How to Survive as an AI Ethicist

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It has never been more important for companies to ensure that their AI systems work safely, especially when there are new laws to hold them accountable. lag.

As a result, those working in this field suffer as a resultPiece. Organizations place enormous pressure on individuals to fix large, systemic problems without proper support, while they frequently face gay criticism. harshly online.

The issue also feels very personal — AI systems often reflect and exacerbate the worst aspects of our society, such as racism and sexism. The technologies at issue range from facial recognition systems that classify Blacks as gorillas to deepfake software used to create pornographic videos of women who disagree. Dealing with these issues can be especially taxing for women, people of color, and other marginalized groups, who tend to focus on AI ethical jobs.

I spoke to a range of ethics-AI practitioners about the challenges they face in their work, and one thing is clear: burnout is real and it harms the entire field. Read my story here.

Two of the people I spoke to in the story were pioneers of applied AI ethics: Margaret Mitchell and Rumman Chowdhury, now at Hugging Face and Twitter. Here are their top tips for surviving in the industry.

1. Be your own advocate. Despite the growing mainstream awareness of the risks posed by AI, ethologists still find themselves struggling to be recognized by their peers. Historically, the culture of machine learning has not been great at acknowledging human needs. “No matter how confident or loud everyone in the meeting is [who are] say or say the opposite of what you’re doing—it doesn’t mean they’re right,” says Mitchell. “You have to be prepared to be an advocate for your own work.”

2. Slow and steady wins the race. inside story, Chowdhury says it’s exhausting to follow every debate on social media about the possible harmful side effects of new AI technologies. Her advice: It’s okay not to get into every argument. “I’ve been in here long enough to see the same narrative cycle over and over again,” says Chowdhury. “You’re better off focusing on your work and finding something solid even if you’re missing two or three cycles of hype.”

3. Don’t be a martyr. (It’s not worth it.) AI ethicists have a lot in common with activists: their work is driven by passion, idealism, and a desire to make the world a better place. But there’s nothing noble about taking a job in a company that runs counter to your own values. “No matter how popular the company is, it’s not worth being in a work situation where you don’t feel like the entire company, or at least a significant part of your company, is trying to,” says Chowdhury. try to do this with you. “Your job is not to get paid to point out problems. Your job is to help them make their product better. And if you don’t believe in the product, don’t work there.”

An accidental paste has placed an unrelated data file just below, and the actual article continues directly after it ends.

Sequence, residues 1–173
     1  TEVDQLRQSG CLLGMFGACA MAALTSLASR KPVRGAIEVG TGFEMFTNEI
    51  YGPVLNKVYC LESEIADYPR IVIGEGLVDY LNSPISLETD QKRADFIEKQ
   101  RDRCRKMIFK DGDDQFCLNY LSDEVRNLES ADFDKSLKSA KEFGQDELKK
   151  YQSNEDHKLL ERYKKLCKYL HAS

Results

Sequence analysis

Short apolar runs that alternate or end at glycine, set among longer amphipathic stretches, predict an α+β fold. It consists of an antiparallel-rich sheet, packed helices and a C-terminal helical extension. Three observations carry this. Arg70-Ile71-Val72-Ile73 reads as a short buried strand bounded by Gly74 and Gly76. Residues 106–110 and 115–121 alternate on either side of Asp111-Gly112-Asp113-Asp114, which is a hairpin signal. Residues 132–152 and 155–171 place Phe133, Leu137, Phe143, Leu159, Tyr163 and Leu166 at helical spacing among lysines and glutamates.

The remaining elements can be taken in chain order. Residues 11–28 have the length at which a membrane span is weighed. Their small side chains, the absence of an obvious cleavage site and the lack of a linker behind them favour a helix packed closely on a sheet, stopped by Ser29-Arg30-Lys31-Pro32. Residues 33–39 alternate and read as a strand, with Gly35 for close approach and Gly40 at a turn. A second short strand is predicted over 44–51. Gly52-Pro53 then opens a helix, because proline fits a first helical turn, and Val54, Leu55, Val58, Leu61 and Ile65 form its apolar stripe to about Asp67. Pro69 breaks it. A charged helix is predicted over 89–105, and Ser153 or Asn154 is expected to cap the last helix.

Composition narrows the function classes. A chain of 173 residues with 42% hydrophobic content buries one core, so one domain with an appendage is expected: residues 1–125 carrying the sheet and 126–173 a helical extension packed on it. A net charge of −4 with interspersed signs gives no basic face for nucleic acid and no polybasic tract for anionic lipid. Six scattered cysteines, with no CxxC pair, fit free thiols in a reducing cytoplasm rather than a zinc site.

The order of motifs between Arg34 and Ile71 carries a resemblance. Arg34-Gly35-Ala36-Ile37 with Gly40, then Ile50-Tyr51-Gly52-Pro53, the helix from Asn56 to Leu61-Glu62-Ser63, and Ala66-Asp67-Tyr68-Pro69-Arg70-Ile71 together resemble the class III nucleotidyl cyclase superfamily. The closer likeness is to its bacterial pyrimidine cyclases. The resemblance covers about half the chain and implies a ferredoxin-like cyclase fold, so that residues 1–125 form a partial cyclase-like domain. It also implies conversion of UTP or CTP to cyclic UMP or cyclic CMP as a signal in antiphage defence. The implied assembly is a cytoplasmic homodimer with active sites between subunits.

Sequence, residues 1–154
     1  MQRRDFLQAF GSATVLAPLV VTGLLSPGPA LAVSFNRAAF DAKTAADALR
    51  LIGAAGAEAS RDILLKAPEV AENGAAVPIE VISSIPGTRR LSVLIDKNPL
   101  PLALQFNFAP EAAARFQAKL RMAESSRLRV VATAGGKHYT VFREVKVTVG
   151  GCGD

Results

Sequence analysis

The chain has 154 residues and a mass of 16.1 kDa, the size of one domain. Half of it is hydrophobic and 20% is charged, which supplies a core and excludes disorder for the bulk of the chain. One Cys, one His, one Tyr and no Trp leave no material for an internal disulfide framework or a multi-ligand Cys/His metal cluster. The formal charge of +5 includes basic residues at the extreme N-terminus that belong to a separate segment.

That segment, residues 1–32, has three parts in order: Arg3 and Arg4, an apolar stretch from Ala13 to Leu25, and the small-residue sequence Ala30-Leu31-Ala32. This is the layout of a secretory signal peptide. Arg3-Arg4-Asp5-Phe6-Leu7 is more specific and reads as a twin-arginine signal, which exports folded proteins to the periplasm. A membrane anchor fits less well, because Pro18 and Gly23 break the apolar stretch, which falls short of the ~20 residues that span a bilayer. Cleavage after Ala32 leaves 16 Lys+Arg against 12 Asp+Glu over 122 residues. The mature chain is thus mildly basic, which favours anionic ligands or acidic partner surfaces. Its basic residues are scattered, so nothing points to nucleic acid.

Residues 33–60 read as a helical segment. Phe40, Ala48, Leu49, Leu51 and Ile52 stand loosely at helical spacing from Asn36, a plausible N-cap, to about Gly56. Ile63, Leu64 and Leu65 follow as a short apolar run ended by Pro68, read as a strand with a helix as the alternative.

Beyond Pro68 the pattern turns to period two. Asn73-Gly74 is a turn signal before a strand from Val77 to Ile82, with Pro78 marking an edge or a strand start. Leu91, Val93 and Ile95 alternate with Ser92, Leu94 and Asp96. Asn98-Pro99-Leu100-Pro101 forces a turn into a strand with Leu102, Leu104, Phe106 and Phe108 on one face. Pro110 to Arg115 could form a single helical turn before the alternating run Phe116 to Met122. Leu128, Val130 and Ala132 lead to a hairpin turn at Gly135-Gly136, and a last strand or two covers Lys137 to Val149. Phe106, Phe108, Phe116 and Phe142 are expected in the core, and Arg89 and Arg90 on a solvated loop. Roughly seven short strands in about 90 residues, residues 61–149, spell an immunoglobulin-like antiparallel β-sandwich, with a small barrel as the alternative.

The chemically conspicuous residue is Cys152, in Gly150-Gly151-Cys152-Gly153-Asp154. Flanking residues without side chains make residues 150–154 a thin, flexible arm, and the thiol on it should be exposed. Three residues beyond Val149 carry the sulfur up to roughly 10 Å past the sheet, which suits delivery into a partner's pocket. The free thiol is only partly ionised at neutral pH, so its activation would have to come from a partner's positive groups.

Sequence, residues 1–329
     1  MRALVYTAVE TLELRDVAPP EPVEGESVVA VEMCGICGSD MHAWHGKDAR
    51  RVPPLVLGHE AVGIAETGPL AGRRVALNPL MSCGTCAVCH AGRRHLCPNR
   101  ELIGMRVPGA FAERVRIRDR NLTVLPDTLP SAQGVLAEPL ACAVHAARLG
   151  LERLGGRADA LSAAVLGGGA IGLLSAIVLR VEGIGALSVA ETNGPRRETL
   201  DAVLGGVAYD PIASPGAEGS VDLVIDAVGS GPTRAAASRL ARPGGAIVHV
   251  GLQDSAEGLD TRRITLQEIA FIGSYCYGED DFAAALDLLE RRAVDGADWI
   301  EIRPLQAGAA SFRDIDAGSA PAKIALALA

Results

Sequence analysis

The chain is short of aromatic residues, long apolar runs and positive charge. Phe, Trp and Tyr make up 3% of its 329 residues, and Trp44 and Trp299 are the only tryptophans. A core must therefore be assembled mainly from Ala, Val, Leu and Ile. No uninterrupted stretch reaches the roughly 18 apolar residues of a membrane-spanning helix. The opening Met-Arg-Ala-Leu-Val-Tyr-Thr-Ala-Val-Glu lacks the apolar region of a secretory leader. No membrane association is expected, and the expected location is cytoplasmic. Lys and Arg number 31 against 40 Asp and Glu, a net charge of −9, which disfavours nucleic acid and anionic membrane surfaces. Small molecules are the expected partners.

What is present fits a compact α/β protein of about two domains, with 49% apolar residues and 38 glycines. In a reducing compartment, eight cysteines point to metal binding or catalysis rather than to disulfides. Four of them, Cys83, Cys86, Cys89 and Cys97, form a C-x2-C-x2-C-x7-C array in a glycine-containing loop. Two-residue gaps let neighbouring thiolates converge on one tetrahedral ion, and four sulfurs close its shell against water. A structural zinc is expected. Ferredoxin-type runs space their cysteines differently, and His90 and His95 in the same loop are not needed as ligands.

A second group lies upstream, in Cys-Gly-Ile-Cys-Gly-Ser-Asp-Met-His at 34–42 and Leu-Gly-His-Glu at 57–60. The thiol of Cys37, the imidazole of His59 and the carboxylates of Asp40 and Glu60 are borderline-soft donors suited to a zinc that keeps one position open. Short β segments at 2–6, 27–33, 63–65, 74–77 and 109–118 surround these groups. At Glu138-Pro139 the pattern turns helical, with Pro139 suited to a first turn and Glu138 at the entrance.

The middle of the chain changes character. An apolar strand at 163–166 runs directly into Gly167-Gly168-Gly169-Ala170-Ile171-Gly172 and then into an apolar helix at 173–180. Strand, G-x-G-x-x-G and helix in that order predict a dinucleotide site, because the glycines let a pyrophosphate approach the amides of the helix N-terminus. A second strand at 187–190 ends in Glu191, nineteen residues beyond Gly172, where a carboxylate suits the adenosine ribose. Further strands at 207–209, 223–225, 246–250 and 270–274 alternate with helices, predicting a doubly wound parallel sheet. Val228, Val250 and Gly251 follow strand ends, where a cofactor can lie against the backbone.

Deeper learning

Machine learning can dramatically speed up the search for new metals

Machine learning could help scientists develop new metals with useful properties, such as resistance to extreme temperatures and rust resistance, according to new research. This could be useful in many areas — metals that perform well at lower temperatures could improve spacecraft, for example, while corrosion-resistant metals could be used for boats and submarines. .

Why is this important: The discovery could help pave the way for more use of machine learning in materials science, a field that still relies heavily on laboratory testing. In addition, the technique can be adapted for exploration in other fields, such as chemistry and physics. Read more from Tammy Xu here.

Learn more deeply

The development of AI

On Thursday, November 3, MIT Technology Review senior editor on AI, William Heaven, will ask AI celebrities like Yann LeCun, chief AI scientist at Meta; Raia Hadsell, senior director of robotics research and development at DeepMind; and Ashley Llorens, hip-hop artist and distinguished scientist at Microsoft Research, on stage at our flagship event, EmTech.

Agenda:They will discuss the way forward for AI research, the ethics of responsible AI development and use, the impact of open collaboration, and the most realistic end goal for artificial intelligence in general. . Registerhere.

LeCun is often referred to as one of the “gods of deep learning”. Will and I said with LeCun earlier this year when he announced his bold proposal for how AI could achieve human-level intelligence. LeCun’s vision includes bringing together old ideas, such as brain-inspired cognitive architecture, and combining them with deep learning technology.

Bits and bytes

Shutterstock will start selling AI-generated images
The stock image company is partnering with OpenAI, the company that created DALL-E. Shutterstock is also launching a fund to reimburse artists whose work is used to train AI models. (The Verge)

UK Information Commissioner says emotional recognition is BS
In the first from a regulator, the UK’s information commissioner said companies should avoid “pseudo-scientific” AI technology, which is claimed to be able to detect human emotions or has risk of fines. (Guardians)

Alex Hanna leaves Google to try to save the future of AI
MIT Technology Review profiled Alex Hanna, who left Google’s ethical AI team earlier this year to join the Distributed AI Research Institute (DAIR), which aims to challenge the existing understanding of AI. through a community-focused, bottom-up approach to research. The Institute is the brainchild of Hanna’s former boss, Timnit Gebru, who was fired by Google at the end of 2020. (MIT Technology Review)

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